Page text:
2020 Merriam-Webster’s Collegiate Dictionary

What will new editions look like in the future though? I was surprised to learn that, since the racial riots of 2020, some dictionary companies have declared they no longer will include “slave” in future editions. Thanks to cancel culture, I guess those who lived in the past are no longer allowed to be associated with a word that described their inhumane condition. This, from our culture that prioritizes FEELING over FACT. If this is actually what is coming, I’m disgusted. The removal of such a defining word throughout thousands and thousands of years demonstrates how elitist our culture has become. We are NOT more special than those who came before us. We are NOT more victimized and we are NOT more wise.

The Wine Press News article written March 11, 2021 (find link in references at end)

John Kelly, managing editor of, says revisions have also been made to entries such as “mistress,” “master,” “Juneeteenth,” “plantation” and “Black Code”. He says it is out of respect and dignity to their humanity.

CNN business article written July 3, 2020 (find link in references at end)

J.P.Morgan Chase and Twitter are also dropping the word slave as a commitment to using more “inclusive programing language”.

Slave holders use many terms to avoid the word slavery today. It is illegal, and it is hidden from sight, but it exists in the forms of bonded labor, child labor, human trafficking, child prostitution and forced marriage. According to World Atlas, there are 40.3 million slaves in the world today, and nearly a quarter of them are children (find link in references at end).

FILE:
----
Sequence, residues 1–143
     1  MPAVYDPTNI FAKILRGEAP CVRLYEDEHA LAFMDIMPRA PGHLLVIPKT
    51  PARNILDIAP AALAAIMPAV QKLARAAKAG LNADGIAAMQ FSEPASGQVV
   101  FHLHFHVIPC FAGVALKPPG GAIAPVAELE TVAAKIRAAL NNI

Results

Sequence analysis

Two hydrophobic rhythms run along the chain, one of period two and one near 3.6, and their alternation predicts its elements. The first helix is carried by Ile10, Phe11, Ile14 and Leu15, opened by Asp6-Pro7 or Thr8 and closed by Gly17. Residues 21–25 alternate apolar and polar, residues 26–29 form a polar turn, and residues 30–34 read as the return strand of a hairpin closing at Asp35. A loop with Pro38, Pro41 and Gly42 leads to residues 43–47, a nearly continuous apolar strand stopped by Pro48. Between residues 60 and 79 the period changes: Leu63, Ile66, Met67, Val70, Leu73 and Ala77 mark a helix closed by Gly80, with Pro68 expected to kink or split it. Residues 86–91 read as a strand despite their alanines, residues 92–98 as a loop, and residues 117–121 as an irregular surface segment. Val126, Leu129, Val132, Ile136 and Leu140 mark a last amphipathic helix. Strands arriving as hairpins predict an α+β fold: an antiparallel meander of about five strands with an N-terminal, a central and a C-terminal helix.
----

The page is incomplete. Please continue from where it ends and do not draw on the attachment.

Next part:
To remove the word is to remove the memory!

I want to be clear, I do not claim to be an expert on black history, human suffering, theology or slavery. I am not writing this article pretending to be any more knowledgeable about these facts than the next person. I am simply a learner thirsty to learn. The problem is modern culture does not serve “Honest” on a platter for the inquisitive mind to digest. No. The inquisitive mind has to dig, climb and crawl through “Dishonest” just to fill a small bowl to eat.

We might think our 21st century problems are uniquely new and unparalleled to the past, but similarities in human suffrage can be seen in perpetuity through time. Labels change, names change, even dictionary definitions change, but it’s still the same battle that exists upon earth among humankind. Money and Power and Prestige have always resulted in our downfall.

Ask if your school carries Narrative of the Life of Frederick Douglass. If not, request they reconsider. You couldn’t find a a better person of integrity or historical reference to learn from!

by JAiME for SCHOOLS July 3rd, 2022


Book : Narrative of the Life of Frederick Douglass An American Slave by Frederick Douglass with an introduction by John Stauffer


Website : www.

Website : www.

Leave a Reply

Fill in your details below or click an icon to log in: Logo

You are commenting using your account. Log Out /  Change )

Twitter picture

You are commenting using your Twitter account. Log Out /  Change )

Facebook photo

You are commenting using your Facebook account. Log Out /  Change )

Connecting to %s

%d bloggers like this: